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Farm to Lab Table

Farm to Lab Table

Credit: Michael Milli

CLF-Lerner Fellow Patrick Baron puts local poultry meat to the test.

 

Proving to policymakers that not all poultry is created equal propels Patrick Baron—fourth-year PhD candidate in Environmental Health Sciences—to the lab bench.

The Johns Hopkins Center for a Livable Future (CLF) at the Bloomberg School is funding Baron’s pioneering investigation into how small-scale poultry farming may contribute to different outcomes for antibiotic resistance in the food system, compared to industrial-scale poultry producers.

“The two food supply chains function differently at every step, which suggests they ultimately sell very different products and may impact antibiotic resistance on different levels,” Baron says. “Problem is, there’s no research on the small-scale for the Maryland Department of Agriculture to refer to.”

The Baltimore native aims to create the first report that could aid the state in updating and re-evaluating regulations and policy to enhance food safety in the direct-to-consumer supply chain.

He has been perusing Maryland farmers markets, farm stands and other direct-to-consumer retail locations to buy local poultry products for his research. In the lab, Baron cultures any Staph aureus and Salmonella on the meat and exposes the bacteria to a wide variety of antibiotics. To the extent that the bacteria withstand the blitz, they are antibiotic resistant.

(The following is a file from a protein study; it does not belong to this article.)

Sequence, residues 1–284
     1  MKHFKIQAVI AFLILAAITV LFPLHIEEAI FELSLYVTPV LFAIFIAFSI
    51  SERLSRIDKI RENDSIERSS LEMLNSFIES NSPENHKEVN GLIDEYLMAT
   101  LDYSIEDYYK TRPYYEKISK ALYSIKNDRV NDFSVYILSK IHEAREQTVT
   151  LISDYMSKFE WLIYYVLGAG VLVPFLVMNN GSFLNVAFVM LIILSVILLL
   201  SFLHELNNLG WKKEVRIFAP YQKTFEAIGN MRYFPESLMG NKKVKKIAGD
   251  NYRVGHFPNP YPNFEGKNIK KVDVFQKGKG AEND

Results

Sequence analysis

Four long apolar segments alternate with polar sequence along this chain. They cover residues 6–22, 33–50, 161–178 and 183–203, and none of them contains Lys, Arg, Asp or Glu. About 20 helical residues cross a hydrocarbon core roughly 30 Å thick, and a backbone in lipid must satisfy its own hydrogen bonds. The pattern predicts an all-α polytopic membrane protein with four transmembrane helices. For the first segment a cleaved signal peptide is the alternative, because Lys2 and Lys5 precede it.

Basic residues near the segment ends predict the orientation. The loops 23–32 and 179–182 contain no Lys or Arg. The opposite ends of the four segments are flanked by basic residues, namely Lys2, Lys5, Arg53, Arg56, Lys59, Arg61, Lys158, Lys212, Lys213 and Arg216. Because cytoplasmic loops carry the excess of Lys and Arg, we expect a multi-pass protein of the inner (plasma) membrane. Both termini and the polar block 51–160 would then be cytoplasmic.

The prevalence of foodborne pathogens observed on the local meat and the antibiotic-resistance patterns “will be new data to help researchers better understand the epidemiology of antibiotic resistance in the U.S. food system,” he explains. 

Baron is one of 15 students awarded the CLF-Lerner Fellowship for the 2014–2015 academic year. He has received this financial support four years in a row, since 2011, after he completed his MSPH in Occupational and Environmental Health at the School.

“I’ve really appreciated the holistic and collaborative spirit toward public health at the Center, and the independence I’ve had while working here,” says Baron, who is advised by Christopher D. Heaney, PhD, director of the Johns Hopkins Environmental Health Microbiology and Immunology Laboratory.

“The CLF has provided an incredibly supportive environment for myself and my work," says Baron. "The fellowship has been integral to the success of this project.”

Applications for the 2015-2016 CLF-Lerner Fellowships open January 2015.

-Salma Warshanna-Sparklin